Which Herbs Work?
Use pure Echinacea extract to fight off colds, flu and urinary tract infections, avoiding any product that mixes Echinacea with goldenseal. Echinacea appears to lose effectiveness with long-term use and should not be used in place of medical interventions in rapidly accelerating infections.
Research indicates that 900 mg of Kwai dried garlic pills or one raw clove of garlic daily lowers total cholesterol more than 11 percent and LDL more than 14 percent among people with levels over 200.
Studies that show ginkgo improves blood flow to the brain and extremities and can alleviate vertigo and tinnitus (ringing in the ears). You may need to take the herb for up to six weeks before seeing any improvement.
Touted as a natural tranquilizer, the evidence for effectiveness is strongest for mild anxiety disorders that interfere with social interaction and sleep, but it can be habit-forming. It should never be used in combination with antianxiety medications or alcohol. Don’t take kava regularly for more than three months.
Licorice root contains more than 400 phytochemicals, one of which has been shown to protect lab animals from lethal doses of a flu virus. Additional studies have suggested that it lowers the risk of breast cancer in mice, and may reduce the risk of clogged arteries by blocking the oxidation of cholesterol.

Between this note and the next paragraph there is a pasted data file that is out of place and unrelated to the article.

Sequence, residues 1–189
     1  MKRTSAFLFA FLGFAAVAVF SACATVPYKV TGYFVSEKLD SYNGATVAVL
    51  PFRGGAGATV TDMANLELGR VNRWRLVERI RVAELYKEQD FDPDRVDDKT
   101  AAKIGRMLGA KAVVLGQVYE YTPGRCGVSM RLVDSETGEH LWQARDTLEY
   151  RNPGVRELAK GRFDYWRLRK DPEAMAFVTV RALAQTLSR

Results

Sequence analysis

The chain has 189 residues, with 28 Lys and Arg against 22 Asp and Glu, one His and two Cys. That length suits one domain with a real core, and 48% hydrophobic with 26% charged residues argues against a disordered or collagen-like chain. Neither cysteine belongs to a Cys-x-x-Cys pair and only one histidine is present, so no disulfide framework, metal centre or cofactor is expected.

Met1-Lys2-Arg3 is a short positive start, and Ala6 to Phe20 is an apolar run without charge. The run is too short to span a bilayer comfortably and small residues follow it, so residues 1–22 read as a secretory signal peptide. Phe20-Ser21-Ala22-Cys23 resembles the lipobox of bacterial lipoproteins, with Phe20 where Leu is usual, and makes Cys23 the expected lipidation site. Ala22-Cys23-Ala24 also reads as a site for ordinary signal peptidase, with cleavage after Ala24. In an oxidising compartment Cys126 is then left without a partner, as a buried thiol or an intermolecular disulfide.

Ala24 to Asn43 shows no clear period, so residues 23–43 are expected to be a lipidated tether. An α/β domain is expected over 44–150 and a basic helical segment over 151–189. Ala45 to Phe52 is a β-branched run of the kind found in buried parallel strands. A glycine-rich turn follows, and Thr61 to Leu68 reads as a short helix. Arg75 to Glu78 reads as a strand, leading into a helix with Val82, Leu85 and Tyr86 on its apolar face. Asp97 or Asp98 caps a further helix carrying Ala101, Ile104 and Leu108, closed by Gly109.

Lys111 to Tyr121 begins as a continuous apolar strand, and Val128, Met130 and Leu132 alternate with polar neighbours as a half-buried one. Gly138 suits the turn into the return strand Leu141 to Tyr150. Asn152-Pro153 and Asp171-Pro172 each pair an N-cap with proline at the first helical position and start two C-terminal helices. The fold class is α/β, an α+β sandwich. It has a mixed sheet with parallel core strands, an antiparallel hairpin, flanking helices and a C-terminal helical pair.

SAW PALMETTO BERRY
Saw Palmetto berry is effective in treating benign prostatic hypertrophy (enlarged prostate). While it doesn’t actually shrink the prostate, it does relieve the symptoms of enlargement, such as frequent urination.
ST. JOHN'S WORT
St. John's wort may interact with certain drugs metabolized by the same liver enzyme system as the herb, so people with autoimmune diseases should avoid it. There is no evidence, however, that St. John's wort interferes with the effectiveness of birth control pills. The herb is an option for low-level depression, but people with more severe depression should consult their doctor. St. John’s wort can increase susceptibility to sunburn and cataracts.
Much research has shown that valerian induces and enhances sleep. Several studies suggest that valerian may reduce the time it takes to fall asleep, especially insomniacs and people with sleep difficulties. While infrequent users have reported hangover-like side effects, these symptoms lessen with repeated use.